January 28, 2018 | Unregistered CommenterD hess

Will this work for an 03 Tahoe as well?

February 5, 2018 | Unregistered CommenterThomas

@ Thomas ... there are lots of '02 references in the preceding thread, the most recent being Isaac on Nov. 28, 2017, re his use of the bypass on a '02 GMC Yukon. Just try it ... the harnesses don't cost much, it's a fun little DIY project, and you won't be doing anything you can't easily undo if it doesn't work, or you decide you don't like the result.

February 5, 2018 | Unregistered CommenterMark W.

@ Thomas: sorry for reference to Isaac's post ... I meant to refer you to an '03 post. Scroll through some of the earlier comments for '03 references. It really just depends on what your OE is. This hack is designed to bypass a factory amp that GM added to its OE head unit so that it would work better with a seven-speaker system ... two front doors (L/R), two rear doors (L/R), two rear pillars (mono) and one subwoofer (mono). The hack bypasses this amp to re-connect the door speakers directly to the head unit, and leaves the original connection in place for the rear pillars and subwoofer ... puts more of the bass from the head unit back into the door speakers.

February 5, 2018 | Unregistered CommenterMark W.

Will I need the Metra 71-2002 for my 20002 Silverado 1500, since it doesn't have a factory rear sub or rear pillar tweeters?

February 18, 2018 | Unregistered CommenterMarkanthony

Thank you so much for this article. I have a 2001 Chevy Tahoe with factory amp, pillar speakers,and sub woofer. When I installed a aftermarket stereo head and none of the speakers or the sub worked I thought I was going to have to spend a ton of money on new equipment and wiring. With this tutorial and the comment thread. I was able to work it out. A couple of points that have already been answered in the comments but were very helpful to me are as follows; 1. The Metra 70-2002 was lacking 3 wires and the corresponding pins. Order a cheap GM adapter and you will have plenty. 2. The original schematic did not work for my Tahoe. I did have to reverse the polarity of the 71-2002 by swapping the position of A11 and A12 Also B11 and B12 on the Metra 71-2002. 3. I also had to connect 12V accessory (blue wire white stripe from the head unit to the pink (power to amp) in order to make it all work. I learned a lot on this install and appreciate all the great information.

March 10, 2018 | Unregistered CommenterDerrick Hedgepeth

I have read through a ton of post and Im still not clear on what pins works for 03 yukon xl bypass. I have wired the harnesses to the original setup, can some let me know what needs to change.

March 13, 2018 | Unregistered CommenterChris

Chris, the electronics changed significantly along with the interior refresh in 2003; the radio on 2003+ trucks is part of a "data bus" system and I believe it is integral to the function of the retained accessory power, warning chimes, and turn signal clicker. In the little bit of research I've done, I don't believe there is any easy way to bypass the factory amp while keeping the factory head unit. If you are swapping to an aftermarket head unit, you will likely need an interface adapter to retain the functions mentioned above and get the signal to the speakers. Which adapter you need will depend on what audio system (Bose vs not) is installed in your truck. I would start at Crutchfield.com; if you input your year/make/model and audio options into their compatibility tool, it will tell you which harness you need.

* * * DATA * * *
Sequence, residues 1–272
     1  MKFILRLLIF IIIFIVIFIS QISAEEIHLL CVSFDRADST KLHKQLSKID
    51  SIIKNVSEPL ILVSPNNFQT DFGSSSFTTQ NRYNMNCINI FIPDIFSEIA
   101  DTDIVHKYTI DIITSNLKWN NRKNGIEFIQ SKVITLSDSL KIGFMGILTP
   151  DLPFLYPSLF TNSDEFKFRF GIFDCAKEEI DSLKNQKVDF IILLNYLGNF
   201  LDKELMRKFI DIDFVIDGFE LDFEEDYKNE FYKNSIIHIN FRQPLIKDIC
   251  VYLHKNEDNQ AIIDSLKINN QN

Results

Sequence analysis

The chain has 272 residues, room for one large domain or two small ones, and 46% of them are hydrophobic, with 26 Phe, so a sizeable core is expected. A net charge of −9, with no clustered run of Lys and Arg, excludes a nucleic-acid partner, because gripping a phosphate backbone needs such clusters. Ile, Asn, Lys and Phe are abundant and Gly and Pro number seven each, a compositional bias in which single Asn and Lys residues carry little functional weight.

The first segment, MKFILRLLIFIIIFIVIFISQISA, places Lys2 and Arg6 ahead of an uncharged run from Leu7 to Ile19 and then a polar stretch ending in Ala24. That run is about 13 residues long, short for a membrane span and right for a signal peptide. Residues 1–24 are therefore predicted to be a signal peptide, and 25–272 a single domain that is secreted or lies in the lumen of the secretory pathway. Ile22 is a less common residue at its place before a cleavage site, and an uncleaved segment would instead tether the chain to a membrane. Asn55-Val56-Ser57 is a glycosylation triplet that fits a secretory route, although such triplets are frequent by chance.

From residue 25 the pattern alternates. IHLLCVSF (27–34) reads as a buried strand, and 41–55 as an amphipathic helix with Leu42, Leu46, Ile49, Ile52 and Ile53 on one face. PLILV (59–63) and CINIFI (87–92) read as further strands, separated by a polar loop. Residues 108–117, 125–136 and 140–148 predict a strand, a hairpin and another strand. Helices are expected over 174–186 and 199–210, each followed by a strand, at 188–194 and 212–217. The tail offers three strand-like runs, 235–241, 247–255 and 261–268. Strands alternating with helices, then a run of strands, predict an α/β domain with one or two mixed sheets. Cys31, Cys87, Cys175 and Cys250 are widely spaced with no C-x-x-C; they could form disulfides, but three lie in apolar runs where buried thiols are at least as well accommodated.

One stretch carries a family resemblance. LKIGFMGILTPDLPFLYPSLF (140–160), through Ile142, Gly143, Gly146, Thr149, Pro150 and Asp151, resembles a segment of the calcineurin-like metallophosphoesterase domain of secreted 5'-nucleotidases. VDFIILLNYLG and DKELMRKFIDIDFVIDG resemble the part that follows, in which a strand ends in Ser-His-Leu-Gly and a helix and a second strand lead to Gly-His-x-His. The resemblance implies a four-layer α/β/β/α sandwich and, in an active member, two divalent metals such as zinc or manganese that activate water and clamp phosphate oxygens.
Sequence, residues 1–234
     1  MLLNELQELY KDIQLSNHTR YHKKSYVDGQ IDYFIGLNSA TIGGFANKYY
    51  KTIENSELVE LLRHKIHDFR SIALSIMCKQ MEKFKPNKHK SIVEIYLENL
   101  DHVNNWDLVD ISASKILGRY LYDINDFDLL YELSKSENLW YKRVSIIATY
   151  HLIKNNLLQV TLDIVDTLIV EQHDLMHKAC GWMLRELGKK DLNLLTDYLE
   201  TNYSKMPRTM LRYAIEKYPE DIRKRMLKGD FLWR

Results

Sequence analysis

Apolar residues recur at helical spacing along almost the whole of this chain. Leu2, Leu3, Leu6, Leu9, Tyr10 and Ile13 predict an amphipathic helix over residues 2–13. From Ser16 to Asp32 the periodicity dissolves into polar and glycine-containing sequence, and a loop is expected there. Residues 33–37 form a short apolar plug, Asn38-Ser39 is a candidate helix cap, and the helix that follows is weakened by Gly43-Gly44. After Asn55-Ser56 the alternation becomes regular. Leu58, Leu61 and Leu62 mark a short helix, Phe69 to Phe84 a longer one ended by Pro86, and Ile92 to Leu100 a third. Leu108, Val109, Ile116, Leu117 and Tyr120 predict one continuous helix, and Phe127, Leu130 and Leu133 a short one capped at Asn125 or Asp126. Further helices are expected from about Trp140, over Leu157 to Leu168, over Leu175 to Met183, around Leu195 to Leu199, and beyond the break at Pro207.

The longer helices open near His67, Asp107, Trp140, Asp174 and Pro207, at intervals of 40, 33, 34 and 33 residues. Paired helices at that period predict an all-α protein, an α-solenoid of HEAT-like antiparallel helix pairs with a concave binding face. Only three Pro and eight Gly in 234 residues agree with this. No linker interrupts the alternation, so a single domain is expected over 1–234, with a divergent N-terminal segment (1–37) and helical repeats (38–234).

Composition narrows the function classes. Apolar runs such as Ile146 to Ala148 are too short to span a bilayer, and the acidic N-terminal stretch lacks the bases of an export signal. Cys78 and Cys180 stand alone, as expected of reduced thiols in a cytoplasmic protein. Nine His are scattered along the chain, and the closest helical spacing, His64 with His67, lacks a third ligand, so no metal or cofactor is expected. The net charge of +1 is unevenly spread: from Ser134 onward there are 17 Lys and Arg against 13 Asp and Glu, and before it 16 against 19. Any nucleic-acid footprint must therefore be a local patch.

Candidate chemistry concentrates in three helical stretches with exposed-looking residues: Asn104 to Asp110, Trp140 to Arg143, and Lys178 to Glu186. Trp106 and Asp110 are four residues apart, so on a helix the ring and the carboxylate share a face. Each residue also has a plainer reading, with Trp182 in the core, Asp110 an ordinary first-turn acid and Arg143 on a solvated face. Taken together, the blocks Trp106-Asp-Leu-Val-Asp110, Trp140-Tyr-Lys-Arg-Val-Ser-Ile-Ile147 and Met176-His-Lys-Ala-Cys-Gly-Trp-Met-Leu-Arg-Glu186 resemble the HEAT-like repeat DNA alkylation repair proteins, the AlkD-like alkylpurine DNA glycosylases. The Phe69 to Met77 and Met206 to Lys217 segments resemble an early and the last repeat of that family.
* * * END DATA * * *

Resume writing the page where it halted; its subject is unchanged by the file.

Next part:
March 13, 2018 | Unregistered CommenterIsaac

I have a aftermarket radio installed with aftermarket speakers. And yes it is using the amp integrated harness. I want to bypass the amp and sub because I only wanted to add a sub and gain full sound out of speakers without adding a four channel amp as well. I was hoping this would work. I also wanted to know if Im abke to use this bypass woukd i have to remove the integrated harness?

March 13, 2018 | Unregistered CommenterChris

Chris, it has been a while since I have worked on a truck with a data bus system; I don't own one so it was just helping a friend with his. I believe that if you want to bypass the factory amp, you may have to run new wires from your head unit to the speakers. If I remember right, the adapters usually have their own little speaker built in for the chimes, etc., so I think you could disconnect the head unit's speaker outputs from the interface adapter and connect them to new wiring that you would run directly to the speakers. If you leave everything else (power, etc.) connected to the interface, I think your chimes, RAP, etc. would continue to work but your speakers would be getting the full range signal from your head unit. Don't quote me on this - but hopefully it's both correct and helpful!

March 13, 2018 | Unregistered CommenterIsaac